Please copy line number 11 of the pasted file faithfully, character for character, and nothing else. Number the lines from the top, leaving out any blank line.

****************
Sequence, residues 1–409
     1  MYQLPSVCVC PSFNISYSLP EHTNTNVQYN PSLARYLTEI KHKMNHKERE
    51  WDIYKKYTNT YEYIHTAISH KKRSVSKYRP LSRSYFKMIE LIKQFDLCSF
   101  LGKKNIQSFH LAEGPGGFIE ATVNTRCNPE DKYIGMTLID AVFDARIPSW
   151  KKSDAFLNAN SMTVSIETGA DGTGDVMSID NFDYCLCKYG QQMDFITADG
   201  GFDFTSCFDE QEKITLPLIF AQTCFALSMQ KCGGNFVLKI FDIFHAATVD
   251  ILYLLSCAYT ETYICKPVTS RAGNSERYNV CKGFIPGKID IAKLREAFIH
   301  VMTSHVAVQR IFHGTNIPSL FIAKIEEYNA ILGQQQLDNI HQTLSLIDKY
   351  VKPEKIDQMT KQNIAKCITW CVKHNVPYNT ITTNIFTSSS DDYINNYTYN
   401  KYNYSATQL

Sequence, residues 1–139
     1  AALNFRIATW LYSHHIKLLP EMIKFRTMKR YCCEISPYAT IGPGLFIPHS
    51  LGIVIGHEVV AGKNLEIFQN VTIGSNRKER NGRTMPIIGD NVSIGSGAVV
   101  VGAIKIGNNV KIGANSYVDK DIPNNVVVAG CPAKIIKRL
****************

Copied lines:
Sequence, residues 1–139